Navarrete Prida recognized the interest of Canadian authorities in strengthening the SAWP, mainly from Canadian Ambassador to Mexico Sara Hradecky, and from Minister of Labour Kellie Leitch, who has addressed this Program as part of the topics of the specific chapter on this field in the Trans-Pacific Partnership.

Regarding the success of the SAWP, Navarrete Prida Secretary reported that during the current administration, a total of 38,300 Mexican farm workers have benefitted. He explained that in the four decades of its existence, the program has helped 281,102 farm workers.

Just this year, he said, a total of 19,798 workers migrated to Canada through the SAWP, of which 14,955 –or 75.7 percent– are nominal workers, meaning they have been requested by their employer on more than one occasion.

“Nearly 77 percent of all workers sent this year have been participating in the program for more than four years, which clearly confirms its high level of acceptance among the participating farms,” said Navarrete Prida.

“I have been able to personally attest to the efforts of my countrymen, their job performance and the concept their employers have of them; Last year, I had the opportunity to visit some farms and speak with workers and employers, and I can bear faithful witness to the esteem with which the farmers of British Columbia view the work of Mexicans and their employees in particular,” he said.

The head of the STPS stated being pleased that Mexican workers contribute to the Canadian economy and hoped that the business leaders in the agriculture sector would continue to improve the conditions of migrant workers who devote their efforts to the productivity of their employers’ farms, and the development of their communities, provinces and country.

At the time, Navarrete Prida recognized the diligent and professional attention of the Ambassador of Mexico to Canada, Francisco Suárez Dávila, and the commitment of members of the Mexican Consular Corps, to monitoring the development of the SAWP and ensuring Canadian employers’ respect for the labour, social and human rights of migrant social workers.

“Mexico has much to offer the world and the region, its strategic partners. We are in a deep, dynamic process of internationally recognized structural changes that will allow us to walk with a firm step towards higher stages of development. We are creating the conditions to not only grow more, and steadily, but also to unleash the full potential that a young, multicultural mega-diverse country like ours can achieve,” said Navarrete Prida.

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PRESS RELEASE 320    MEXICO CITY, NOVEMBER 11, 2014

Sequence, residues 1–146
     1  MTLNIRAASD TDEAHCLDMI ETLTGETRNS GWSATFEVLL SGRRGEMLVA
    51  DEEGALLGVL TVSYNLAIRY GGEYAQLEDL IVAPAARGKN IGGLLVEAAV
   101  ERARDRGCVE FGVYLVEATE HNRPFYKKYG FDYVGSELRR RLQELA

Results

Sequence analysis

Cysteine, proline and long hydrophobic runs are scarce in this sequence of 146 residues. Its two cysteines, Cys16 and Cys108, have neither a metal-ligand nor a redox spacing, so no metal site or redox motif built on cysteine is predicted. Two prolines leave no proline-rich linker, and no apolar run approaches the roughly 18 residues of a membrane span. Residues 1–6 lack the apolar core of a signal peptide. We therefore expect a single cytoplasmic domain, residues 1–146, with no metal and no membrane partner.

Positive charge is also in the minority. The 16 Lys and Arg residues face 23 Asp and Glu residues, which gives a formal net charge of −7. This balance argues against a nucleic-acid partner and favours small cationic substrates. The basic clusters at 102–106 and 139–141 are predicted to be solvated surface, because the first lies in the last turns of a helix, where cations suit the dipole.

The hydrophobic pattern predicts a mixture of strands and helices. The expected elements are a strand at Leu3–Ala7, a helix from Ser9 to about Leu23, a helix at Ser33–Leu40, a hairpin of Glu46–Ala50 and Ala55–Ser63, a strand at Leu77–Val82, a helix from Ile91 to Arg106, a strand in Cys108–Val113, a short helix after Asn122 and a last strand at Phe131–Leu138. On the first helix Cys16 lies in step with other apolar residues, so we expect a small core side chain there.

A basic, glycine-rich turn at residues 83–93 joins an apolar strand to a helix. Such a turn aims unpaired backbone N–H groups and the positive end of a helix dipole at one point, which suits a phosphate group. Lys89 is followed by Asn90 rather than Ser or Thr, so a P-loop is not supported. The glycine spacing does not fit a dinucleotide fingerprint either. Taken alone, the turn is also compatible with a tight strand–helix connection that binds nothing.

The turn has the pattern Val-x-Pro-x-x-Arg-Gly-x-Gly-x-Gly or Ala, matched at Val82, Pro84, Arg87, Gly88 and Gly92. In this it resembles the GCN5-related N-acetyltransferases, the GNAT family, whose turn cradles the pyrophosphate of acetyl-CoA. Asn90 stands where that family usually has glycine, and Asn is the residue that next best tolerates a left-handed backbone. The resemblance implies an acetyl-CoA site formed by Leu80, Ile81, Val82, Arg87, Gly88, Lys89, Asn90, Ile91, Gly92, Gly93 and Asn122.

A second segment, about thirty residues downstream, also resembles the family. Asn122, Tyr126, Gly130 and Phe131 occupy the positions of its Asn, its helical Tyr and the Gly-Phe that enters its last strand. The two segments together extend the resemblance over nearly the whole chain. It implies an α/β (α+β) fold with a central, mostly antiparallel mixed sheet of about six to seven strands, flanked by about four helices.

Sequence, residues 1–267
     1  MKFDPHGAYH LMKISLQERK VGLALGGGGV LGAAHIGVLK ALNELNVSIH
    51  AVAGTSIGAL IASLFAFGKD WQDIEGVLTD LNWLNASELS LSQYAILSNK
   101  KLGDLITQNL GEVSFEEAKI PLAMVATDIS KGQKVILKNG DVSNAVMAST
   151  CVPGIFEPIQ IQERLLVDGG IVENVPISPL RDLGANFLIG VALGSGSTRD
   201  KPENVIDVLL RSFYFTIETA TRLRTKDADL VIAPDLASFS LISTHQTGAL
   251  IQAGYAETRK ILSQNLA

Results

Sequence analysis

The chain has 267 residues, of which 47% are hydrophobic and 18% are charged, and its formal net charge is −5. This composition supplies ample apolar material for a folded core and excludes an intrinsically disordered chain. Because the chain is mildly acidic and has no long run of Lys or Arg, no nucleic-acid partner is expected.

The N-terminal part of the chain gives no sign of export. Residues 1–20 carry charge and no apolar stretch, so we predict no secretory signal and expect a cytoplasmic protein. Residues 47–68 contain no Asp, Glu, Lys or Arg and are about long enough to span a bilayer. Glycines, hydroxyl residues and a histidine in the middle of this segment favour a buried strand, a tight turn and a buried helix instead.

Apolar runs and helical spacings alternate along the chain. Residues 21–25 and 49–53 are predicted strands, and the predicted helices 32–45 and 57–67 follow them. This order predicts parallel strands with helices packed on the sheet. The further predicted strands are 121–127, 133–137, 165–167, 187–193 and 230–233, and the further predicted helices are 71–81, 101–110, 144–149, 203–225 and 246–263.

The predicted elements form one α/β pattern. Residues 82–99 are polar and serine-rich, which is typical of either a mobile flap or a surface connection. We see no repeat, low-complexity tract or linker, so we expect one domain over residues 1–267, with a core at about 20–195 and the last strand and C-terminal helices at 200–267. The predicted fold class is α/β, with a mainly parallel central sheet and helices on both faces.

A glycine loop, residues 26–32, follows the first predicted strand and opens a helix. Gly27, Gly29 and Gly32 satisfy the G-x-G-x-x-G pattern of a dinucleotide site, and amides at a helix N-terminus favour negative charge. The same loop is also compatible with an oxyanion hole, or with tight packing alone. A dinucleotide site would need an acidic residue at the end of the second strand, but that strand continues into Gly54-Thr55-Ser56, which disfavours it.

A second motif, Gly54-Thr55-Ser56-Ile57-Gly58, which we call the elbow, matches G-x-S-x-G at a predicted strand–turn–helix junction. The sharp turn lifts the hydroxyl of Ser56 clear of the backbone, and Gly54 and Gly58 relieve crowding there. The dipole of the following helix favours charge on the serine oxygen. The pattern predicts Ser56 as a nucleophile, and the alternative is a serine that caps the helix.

STPS TO GIVE FURTHER IMPETUS TO MEXICO-CANADA SEASONAL AGRICULTURAL WORKERS PROGRAM

  • The Head of the STPS, Alfonso Navarrete Prida, will meet with Mexican consular authorities and Canadian labour officials, and with employers.

Heading a delegation from the Secretariat of Labour and Social Welfare, Secretary Alfonso Navarrete Prida will meet Wednesday in Ottawa, Canada, with Mexican consular authorities in that country, Canadian labour officials and employers, to analyze opportunities presented by the Mexico-Canada Seasonal Agricultural Workers Program (SAWP) in the aim of including new areas of economic activity.

Throughout four decades, the SAWP has been one of the region’s most successful labour mobility programs, and clear benefits have been provided through the program to Canadian employers and Mexican farmworkers alike.

Its objective is to link Mexican farm workers with employment opportunities that arise in the Canadian agricultural labour market through a legal, safe and orderly labour mobility model.

The achievements of the SAWP were documented earlier this year by representatives of the Comptroller of the US Congress, who traveled to Mexico and met with Canadian diplomatic officials and civil servants of the Secretariat of Labor and Social Welfare, to learn about the program’s operation.

The Program has in fact become an effective binational public policy that guarantees the mobility of Mexican farm workers in a safe, legal, orderly manner, while ensuring respect for their labour, social and human rights.

Currently, Mexican labourers work on farms in the provinces of Alberta, British Columbia, Prince Edward Island, Manitoba, New Brunswick, Nova Scotia, Ontario, Quebec and Saskatchewan; and deal primarily with vegetable and legume crops, fruits, flowers, greenhouses and nurseries.

Huatulco, Oaxaca. October 25, 2014

  • Oaxaca hosted the 38th Annual Meeting of the North American Plant Protection Organization (NAPPO), which included the participation of health authorities from Canada, the US and Mexico.
  • Approximately 30 percent of the International Standards for Phytosanitary Measures (ISPM) sponsored by the FAO, were drawn from NAPPO initiatives.
  • Secretary Enrique Martínez y Martínez has given instructions to contribute to increasing the existence of structural and operational similarity among the three plant health agencies in North America.

In order to harmonize standards to protect North America’s agricultural product heritage from exotic pests and streamline trade in the region, representatives from Mexico, Canada and the United States participated in the 38th Annual Meeting of the North American Plant Protection Organization (NAPPO).